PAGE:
australiancalou
20th Nov 2012, 05:49
MPL is the way they found to hide single pilot operation on modern aircraft.
Next step is no pilot operation as MPL will upgrade to captain position on cabin crew salary basis.
What the hell have they between their ears.
I hate these technocrats but we are all responsible of the current situation.
Major airlines have maintain a good package untill now and unions did not react on licence downgrading as the majority of their memberships were flying for them.
Future for everybody will be a real pension shame:}
Capitalism is more and more looking like Communism where real workers work to pay for administration staff and a few happy folks.
Down down and down untill we hit the ground.:ooh:

V_2
20th Nov 2012, 06:51
I was going to write a post pointing out the many flaws in peoples arguements, and the many (at least theoretical) advantages of MPL training. But then I decided you all seem so set in your ways that it would be a complete waste of my time. Instead I look forward to discussing it in the flight deck with you, seeing as clearly you'll be doing all the flying.

And to the ex-military multi pilot (Cpt Hook). If you were so awesome why didn't you get streamed fastjet after EFT? And maybe this is backed up by the fact you admit you found it hard to convert? Maybe you flew both, in which case fair play, but remember to thank Betty for the free type-ratings! ;)

Capt Hook
20th Nov 2012, 07:43
V_2, I never said I was awesome; my remark was in recognition of the task achieved by such low hour individuals in remembering how hard it was when I completed my initial Airbus conversion, and that was with 14 years previous aviation experience; it was not meant as a criticism to any individuals, quite the opposite!

I have been in the training role for over 8 years now (Airbus), and my posting was based on those observations. Arriving on such large A/C, with such little experience, it is apparent that many individuals are still very much learning to fly.

We should not be using large commercial A/C full of passengers as a tool in order to train pilots how to fly and Land, rather, they should already have mastered these skills and it is then simply a case of applying the technique (conversion course). My experience is that the former is now prevailing over the later, and this is recognised by the myriad of restrictions now appearing in response to an increasing number of landing incidents.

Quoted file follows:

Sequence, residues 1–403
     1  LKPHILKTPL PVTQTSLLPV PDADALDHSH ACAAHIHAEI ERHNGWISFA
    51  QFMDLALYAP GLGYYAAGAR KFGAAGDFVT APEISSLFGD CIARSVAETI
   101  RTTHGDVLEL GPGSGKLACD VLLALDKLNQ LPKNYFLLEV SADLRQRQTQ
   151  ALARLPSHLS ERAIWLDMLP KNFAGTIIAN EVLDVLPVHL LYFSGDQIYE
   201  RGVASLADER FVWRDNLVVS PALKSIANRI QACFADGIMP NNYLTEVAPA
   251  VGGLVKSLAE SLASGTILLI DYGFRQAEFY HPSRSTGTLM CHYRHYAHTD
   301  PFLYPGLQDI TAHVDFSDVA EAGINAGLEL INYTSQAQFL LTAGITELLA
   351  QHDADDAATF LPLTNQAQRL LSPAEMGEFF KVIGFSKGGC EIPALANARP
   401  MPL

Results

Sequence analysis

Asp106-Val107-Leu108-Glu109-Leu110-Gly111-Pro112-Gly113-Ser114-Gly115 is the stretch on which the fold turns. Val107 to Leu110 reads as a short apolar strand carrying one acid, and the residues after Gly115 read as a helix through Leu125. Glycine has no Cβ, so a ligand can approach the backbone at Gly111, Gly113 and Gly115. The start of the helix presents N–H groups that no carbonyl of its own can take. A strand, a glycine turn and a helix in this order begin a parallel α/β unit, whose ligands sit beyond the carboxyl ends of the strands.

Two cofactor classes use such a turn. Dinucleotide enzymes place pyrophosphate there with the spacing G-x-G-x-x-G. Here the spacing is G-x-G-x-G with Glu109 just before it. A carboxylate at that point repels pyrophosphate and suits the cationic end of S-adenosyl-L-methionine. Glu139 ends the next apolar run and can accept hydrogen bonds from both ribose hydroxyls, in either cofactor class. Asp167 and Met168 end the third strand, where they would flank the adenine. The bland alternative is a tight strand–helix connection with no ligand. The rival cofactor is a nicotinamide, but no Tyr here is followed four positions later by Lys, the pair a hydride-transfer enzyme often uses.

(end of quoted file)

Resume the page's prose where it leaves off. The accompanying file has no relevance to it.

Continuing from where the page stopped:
What these cadets lack is experience, and after a couple of years they prove to be very competent operators; its how they gain this experience that is the issue!

IcePack
20th Nov 2012, 08:31
There is no substitute for experience index

Unfortunately there are those that disagree. Usually accountants. (who think they know the cost of every thing including hard landings. BUT know the value of nothing)

Globalstream
20th Nov 2012, 09:05
Before I give my replies, I want to make sure I understand what`s being said.

Pontius-

1. Do you say that cadet schemes provide the most satisfactory source of FOs?

2. Do you contend that cadet standards, far from declining, are satisfactory?

3. Are you saying that, on balance, you consider operational and system knowledge to be more important than basic handling skills and airmanship with regards to flying an airliner?

4. If the answer to 3 is yes, what general aircraft specification do you believe imparts skills that are "transferable" to airline operations?

V2-

1. Are you saying that FJ streaming indicates "easy" transitions in the future?

2. When determining training processes, do you believe in training for the most capable or least capable candidate?

A320baby

- Are you saying that the absence of other flying opportunities is a legitimate reason to allow newly qualified pilots to operate as commercial SICs?

BugSpeed
20th Nov 2012, 09:24
I think a few things need to be put in context here.

Certainly within the UK MPL programmes the following are true:

The only difference between a ATPL(F) and MPL is the single pilot hire/reward restriction. They can however still fly PPL so long as they have their SEP slip stamped because they complete all requiste training to fly to that level.

A typical MPL student will arrive to the airline with c. 110 flight hours as opposed to c.150 for the ab initio ATPL(F). The difference comes in the amount of time, at the latter stages, spent in a suitable simulator.

At 1500 hours it all becomes a moot point anyway because they upgrade to an ATPL in the same way an ATPL(F) would.

Having trained MPL and ATPL(F) students alike on the line, there is very little difference. Both sets of students have the same relative problems at the same relative points.

If you want to be a single crew pilot, do a ATPL(F) course. If you want to be a multi-crew pilot, do a MPL course.

Incidentally, under the UK CAA, in order to have a valid MPL course, you must have an airline partner because the MPL is not complete until the base training has been successfully done (amongst other reasons).

Mel Effluent
20th Nov 2012, 09:24
Some of the posters here seem to be confusing experience with competence.

Competence: "The ability to do something successfully or efficiently".